Congress today came a step closer to passing one of the most sweeping consumer bills in history, but more controversial obstacles, along with one very vocal anti-consumer representative, may stand in the way of the legislation being sent to President Bush's desk before the long August recess.

At today's conference meeting, the conferees, about a dozen Senators and Representatives working on the differences between the Senate and House versions of the Consumer Product Safety Commission (CPSC) Reform Act, agreed on nine more provisions in the legislation:

1. Export of recalled and non-conforming products: Enables the CPSC to prohibit a U.S. entity from exporting a product that does not comply with consumer product safety rules unless the importing country has previously notified the Commission of its permission.

2. Import safety management and interagency cooperation: Requires the CPSC to develop a plan to identify shipments of consumer products intended for import into the U.S. Improves information sharing among federal agencies, including U.S. Customs and Border Protection.

3. Substantial product hazard list and destruction of noncompliant imported products.

4. Financial responsibility: Allows the CPSC to recommend to Customs and Border Protection a bond amount sufficient to cover the cost of destruction of such products and requires a study to determine the feasibility of requiring escrow for recalls and destruction of products.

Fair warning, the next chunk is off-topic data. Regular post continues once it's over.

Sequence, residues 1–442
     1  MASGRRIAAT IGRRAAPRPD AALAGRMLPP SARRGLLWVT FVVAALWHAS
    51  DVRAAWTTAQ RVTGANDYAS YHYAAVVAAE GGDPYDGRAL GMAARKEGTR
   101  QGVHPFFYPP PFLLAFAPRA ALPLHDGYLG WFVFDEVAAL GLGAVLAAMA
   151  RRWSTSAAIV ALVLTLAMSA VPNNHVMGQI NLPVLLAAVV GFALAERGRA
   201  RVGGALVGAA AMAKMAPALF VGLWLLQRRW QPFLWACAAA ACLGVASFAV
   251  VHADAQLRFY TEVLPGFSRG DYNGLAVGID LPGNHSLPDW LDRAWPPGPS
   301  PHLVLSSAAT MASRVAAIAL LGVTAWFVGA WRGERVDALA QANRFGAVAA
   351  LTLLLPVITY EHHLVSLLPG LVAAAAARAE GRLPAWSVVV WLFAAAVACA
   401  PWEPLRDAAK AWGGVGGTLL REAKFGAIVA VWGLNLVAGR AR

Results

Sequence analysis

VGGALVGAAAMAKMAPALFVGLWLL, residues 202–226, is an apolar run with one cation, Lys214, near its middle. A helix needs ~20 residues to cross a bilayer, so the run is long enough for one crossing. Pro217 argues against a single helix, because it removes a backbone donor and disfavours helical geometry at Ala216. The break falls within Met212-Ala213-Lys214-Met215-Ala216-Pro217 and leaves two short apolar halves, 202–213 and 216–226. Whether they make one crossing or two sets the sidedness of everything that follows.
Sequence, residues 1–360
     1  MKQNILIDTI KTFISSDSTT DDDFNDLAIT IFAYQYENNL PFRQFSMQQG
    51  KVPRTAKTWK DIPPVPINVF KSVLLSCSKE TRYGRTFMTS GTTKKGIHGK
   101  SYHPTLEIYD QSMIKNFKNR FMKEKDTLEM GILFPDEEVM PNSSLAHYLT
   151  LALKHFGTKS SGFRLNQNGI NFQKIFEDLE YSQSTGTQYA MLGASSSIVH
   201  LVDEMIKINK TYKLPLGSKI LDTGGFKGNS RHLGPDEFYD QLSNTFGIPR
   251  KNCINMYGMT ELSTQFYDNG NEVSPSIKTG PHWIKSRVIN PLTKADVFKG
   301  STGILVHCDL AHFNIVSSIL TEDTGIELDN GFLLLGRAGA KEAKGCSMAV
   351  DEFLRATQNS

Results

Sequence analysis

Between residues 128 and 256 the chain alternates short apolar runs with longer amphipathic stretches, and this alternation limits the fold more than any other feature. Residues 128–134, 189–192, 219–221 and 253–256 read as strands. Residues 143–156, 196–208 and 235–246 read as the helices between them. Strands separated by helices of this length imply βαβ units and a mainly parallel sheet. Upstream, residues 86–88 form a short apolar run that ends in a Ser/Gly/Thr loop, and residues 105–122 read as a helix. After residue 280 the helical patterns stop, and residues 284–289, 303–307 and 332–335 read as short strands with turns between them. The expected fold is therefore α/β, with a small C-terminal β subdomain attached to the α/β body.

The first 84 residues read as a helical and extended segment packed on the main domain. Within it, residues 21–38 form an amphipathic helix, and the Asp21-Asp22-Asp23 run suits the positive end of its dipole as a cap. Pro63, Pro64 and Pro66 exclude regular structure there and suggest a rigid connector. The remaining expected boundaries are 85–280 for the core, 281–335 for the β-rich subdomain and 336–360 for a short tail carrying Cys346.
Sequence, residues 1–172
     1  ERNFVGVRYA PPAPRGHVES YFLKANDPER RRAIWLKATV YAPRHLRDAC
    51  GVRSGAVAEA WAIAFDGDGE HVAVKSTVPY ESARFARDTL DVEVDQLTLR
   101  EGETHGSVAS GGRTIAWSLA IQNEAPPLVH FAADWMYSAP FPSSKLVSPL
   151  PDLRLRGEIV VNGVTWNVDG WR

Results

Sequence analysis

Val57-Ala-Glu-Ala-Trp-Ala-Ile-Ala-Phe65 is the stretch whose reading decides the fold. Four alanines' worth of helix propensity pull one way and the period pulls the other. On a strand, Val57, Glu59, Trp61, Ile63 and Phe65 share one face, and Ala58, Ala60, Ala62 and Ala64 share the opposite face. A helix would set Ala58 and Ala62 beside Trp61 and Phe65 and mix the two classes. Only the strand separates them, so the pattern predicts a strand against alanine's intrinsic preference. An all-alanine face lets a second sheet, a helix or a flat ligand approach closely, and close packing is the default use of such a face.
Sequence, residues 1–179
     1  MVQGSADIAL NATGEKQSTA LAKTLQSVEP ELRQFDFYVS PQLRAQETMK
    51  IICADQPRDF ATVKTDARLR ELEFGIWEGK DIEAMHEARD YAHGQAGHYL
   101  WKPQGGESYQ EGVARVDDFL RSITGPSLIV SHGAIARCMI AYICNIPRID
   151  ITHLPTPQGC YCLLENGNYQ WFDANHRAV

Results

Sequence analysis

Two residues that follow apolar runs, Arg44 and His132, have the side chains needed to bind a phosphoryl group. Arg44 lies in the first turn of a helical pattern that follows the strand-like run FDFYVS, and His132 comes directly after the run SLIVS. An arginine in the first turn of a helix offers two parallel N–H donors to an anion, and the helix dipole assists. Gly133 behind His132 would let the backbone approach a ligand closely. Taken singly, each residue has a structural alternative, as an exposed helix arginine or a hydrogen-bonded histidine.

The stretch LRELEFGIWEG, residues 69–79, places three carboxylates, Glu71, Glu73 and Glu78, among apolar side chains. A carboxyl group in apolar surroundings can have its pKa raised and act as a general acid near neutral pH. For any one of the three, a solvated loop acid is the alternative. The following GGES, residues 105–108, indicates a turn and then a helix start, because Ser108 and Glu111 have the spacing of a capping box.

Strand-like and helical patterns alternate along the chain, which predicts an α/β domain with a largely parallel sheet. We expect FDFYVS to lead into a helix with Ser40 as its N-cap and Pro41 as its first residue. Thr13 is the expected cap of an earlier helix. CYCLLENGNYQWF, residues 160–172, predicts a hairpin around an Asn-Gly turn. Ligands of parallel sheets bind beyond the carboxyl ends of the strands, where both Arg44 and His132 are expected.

5. Inspector general audits and reports: Tasks the Inspector General with conducting reviews and audits to assess the CPSC capital improvement efforts, barriers to oversight and compliance, and reports of waste, fraud, and abuse.

6. Childrens products containing lead; lead paint rule: Bans lead for products manufactured for children age 12 or younger. Specifically, the permissible level of lead in childrens products would be 600 ppm within 180 days, 300 ppm after one year and 100 ppm after three years.

7. Enforcement by State Attorneys General: Provides authority for State Attorneys General to uniformly enforce consumer product safety laws and act expeditiously to remove dangerous products from shelves.

8. Establishment of a public consumer product safety database: Within 2 years, the CPSC would establish a searchable database to include any reports of injuries, illness, death or risk related to consumer products submitted by consumers and other agencies. Upon receiving a complaint, the CPSC has five days to submit the complaint to the manufacturer. The manufacturer then has 10 days to respond. The complaint and manufacturer's response, if available, would then be posted on the database. The CPSC would have the authority to remove a complaint if it is found to be inaccurate.

9. Public disclosure of information: Modifies provisions concerning the public disclosure of information regarding a consumer product where disclosure will permit the public to readily identify the manufacturer or private labeler. Decreases waiting periods before the CPSC may disclose information and provides for expedited court actions to release information on products to the public.

Today's unanimous voice vote leaves five or six more items that consumer advocates, industry lobbyists, Senators and Representatives cannot agree on:

1. Phthatlate restrictions: In recent years, scientists have identified a possible connection to the plastic components known as phthalates and cancer and genital defects. The European Union, California and some retailers, including Wal-Mart, have banned some types of phthalates. Many Democrat conferees want rules similar to the EU ban included in the legislation, while some Republicans, most notably Rep. Joe Barton (R-Texas), believe the fears to be overstated.